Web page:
Frederick William Harvey - Out of the Mouths of Babes
Type of spiritual experience
Frederick William Harvey was born in Hartpury, Gloucestershire, in 1888.
He was educated at Rossall School, and later trained as a solicitor. Enlisting in the 1/ 5th Battalion of the Gloucestershire Regiment at the outbreak of war, he arrived in France in March I915, and soon afterwards won the Distinguished Conduct Medal.
He was commissioned as a second lieutenant, but was captured by the Germans in August 1916.
He spent the rest of the war in camps at Crefeld and Gutersloh.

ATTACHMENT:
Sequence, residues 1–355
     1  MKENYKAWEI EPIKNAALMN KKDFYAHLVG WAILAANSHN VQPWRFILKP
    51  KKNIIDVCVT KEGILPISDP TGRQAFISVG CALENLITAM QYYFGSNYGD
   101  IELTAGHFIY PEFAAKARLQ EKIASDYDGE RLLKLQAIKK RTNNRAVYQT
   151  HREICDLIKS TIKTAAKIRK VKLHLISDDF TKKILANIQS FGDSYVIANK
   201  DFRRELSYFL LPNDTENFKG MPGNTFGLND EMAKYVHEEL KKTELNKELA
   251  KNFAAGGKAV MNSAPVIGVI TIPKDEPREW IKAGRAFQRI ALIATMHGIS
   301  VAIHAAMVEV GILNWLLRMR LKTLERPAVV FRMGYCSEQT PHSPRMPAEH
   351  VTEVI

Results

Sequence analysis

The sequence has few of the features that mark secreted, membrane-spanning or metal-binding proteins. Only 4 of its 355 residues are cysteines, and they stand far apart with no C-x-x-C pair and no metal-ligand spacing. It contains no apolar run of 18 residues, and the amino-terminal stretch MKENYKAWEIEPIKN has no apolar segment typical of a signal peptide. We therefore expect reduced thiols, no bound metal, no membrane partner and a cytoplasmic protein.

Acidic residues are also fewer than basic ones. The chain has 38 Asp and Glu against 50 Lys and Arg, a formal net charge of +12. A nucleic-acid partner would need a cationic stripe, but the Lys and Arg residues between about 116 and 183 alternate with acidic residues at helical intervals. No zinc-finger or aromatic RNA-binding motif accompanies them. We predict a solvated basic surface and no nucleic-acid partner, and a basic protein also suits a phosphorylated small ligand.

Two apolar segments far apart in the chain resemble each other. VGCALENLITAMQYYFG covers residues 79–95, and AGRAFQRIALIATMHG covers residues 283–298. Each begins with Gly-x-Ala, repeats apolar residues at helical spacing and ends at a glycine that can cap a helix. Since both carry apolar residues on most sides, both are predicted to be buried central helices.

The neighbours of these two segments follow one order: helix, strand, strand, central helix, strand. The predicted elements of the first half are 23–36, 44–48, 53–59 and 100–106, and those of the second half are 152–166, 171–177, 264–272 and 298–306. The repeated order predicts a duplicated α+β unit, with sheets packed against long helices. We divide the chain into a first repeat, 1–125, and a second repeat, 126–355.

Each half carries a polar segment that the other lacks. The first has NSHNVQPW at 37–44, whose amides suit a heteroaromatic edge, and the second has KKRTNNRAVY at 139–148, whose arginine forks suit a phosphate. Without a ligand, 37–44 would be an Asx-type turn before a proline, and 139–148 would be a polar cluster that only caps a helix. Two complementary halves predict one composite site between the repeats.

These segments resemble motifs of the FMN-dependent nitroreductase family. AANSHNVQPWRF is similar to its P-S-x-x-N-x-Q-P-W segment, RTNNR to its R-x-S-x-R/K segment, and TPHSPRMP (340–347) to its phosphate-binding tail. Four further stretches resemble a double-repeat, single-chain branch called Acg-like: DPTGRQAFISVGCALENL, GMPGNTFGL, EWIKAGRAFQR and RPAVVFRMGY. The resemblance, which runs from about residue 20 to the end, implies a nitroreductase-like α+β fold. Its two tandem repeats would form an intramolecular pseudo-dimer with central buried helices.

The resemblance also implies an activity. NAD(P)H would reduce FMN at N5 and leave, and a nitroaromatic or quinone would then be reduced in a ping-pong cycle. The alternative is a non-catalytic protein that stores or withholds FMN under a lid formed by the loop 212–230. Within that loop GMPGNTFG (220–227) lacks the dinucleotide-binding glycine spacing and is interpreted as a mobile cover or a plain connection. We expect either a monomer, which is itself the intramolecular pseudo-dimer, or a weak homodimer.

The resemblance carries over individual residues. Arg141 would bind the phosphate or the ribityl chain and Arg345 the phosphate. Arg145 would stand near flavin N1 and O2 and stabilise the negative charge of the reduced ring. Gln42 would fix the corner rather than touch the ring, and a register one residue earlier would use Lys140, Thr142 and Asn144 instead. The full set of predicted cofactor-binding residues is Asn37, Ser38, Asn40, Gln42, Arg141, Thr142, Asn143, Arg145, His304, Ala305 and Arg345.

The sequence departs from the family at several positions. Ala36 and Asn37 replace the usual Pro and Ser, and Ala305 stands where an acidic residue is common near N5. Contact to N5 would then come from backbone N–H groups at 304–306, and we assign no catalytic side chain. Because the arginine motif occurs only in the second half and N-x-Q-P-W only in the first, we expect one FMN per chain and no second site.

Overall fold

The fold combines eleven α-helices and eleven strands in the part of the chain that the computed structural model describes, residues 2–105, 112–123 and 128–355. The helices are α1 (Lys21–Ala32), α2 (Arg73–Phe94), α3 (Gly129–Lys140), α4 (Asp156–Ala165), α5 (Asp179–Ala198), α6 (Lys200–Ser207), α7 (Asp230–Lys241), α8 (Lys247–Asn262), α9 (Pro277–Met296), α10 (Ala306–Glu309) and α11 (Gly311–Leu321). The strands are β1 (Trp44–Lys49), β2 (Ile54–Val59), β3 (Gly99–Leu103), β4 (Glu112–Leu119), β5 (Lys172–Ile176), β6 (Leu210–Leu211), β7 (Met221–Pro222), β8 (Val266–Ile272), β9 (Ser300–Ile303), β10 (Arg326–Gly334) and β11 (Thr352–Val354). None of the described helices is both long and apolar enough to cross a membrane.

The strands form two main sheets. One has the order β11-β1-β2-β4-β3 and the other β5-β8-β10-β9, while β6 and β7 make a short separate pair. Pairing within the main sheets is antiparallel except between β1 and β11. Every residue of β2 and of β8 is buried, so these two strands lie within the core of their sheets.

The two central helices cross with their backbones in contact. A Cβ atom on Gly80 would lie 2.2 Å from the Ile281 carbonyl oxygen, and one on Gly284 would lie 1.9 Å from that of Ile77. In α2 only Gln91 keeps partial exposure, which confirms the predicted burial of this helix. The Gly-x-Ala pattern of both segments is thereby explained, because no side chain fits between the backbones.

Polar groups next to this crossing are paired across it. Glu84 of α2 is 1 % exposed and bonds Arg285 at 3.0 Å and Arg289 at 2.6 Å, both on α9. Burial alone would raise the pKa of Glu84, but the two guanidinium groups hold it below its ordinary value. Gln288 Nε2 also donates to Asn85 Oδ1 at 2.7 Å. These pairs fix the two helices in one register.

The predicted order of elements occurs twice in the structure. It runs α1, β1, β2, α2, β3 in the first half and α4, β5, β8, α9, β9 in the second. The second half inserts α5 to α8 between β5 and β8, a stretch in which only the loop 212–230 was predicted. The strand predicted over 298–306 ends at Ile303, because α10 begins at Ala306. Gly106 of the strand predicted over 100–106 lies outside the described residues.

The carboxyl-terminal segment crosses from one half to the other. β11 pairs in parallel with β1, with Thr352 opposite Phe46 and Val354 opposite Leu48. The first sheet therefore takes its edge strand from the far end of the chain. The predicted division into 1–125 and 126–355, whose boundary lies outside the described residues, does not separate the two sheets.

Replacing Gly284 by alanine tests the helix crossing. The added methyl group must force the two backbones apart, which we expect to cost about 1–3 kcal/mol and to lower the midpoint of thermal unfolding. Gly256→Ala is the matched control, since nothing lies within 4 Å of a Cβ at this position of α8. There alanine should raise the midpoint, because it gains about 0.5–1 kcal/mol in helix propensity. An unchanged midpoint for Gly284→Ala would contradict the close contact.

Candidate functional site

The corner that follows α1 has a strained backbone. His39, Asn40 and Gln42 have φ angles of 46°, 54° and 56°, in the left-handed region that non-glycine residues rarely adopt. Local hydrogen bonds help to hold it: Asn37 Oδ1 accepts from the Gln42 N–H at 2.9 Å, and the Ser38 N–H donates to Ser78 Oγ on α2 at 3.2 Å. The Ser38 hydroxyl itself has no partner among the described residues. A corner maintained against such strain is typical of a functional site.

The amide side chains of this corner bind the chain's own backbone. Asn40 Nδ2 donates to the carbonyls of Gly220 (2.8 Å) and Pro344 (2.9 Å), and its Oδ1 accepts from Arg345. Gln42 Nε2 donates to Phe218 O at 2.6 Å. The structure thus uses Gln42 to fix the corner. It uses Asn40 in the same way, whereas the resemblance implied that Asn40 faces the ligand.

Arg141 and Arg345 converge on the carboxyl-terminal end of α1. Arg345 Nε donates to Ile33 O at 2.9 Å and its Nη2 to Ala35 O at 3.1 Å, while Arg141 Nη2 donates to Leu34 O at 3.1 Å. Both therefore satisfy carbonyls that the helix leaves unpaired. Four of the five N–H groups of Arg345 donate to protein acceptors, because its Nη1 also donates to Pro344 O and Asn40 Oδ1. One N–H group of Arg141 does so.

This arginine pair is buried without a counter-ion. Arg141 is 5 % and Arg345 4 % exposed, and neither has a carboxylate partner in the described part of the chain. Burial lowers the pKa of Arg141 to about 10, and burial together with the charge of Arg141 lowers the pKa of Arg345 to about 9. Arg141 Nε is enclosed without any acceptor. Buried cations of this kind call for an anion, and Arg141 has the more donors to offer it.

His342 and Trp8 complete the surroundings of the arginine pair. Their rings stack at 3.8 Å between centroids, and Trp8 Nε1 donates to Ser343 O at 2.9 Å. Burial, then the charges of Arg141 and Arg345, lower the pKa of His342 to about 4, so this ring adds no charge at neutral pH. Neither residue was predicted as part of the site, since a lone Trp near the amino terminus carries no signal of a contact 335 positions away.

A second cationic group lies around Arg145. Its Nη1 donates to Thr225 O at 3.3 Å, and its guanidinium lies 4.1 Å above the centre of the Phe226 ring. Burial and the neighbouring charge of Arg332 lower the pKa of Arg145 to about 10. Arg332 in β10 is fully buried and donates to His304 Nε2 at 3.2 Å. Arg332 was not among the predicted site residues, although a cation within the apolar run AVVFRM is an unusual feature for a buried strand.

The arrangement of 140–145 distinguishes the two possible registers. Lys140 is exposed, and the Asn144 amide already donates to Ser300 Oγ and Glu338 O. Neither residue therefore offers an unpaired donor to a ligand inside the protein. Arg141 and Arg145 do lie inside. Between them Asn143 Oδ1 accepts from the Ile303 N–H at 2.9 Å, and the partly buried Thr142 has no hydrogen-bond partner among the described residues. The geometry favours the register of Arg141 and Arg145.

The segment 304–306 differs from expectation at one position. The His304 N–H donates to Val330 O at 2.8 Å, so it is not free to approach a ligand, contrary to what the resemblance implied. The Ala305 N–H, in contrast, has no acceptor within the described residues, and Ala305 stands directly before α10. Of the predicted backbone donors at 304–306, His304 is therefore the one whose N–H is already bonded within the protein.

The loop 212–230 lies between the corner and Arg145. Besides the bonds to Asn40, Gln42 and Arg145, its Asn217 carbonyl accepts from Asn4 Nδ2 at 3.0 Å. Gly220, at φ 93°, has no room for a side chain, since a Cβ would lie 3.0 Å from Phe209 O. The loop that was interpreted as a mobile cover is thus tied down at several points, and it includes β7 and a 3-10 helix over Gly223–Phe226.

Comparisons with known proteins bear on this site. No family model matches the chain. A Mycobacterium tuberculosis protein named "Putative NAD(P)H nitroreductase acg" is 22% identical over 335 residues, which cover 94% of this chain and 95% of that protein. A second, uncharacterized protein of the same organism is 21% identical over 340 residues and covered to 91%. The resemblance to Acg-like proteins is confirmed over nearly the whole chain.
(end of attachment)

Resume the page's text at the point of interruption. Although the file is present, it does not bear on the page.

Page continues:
After the war he returned to practising as a solicitor, while continuing to write poetry.
He died in 1957.
A description of the experience
‘Out of the Mouths of Babes —’
Two children in my garden playing found
A robin cruelly dead, in Summer hours.
I watched them get a trowel, and heap the mound,
And bury him, and scatter over ﬂowers.
And when their little friend was laid away,
In lack of burial service over the dead
Before those two grave children turned to play:
‘I hope he’ll have a happy dead life!’ one said.
What more was there to say for bird or beast?
What more for any man is there to say?
What can we wish them better, as with priest
And choir we ring the cross on Armistice Day?
The source of the experience
Concepts and Symbols used in the text or image
Observation contributed by: T Fox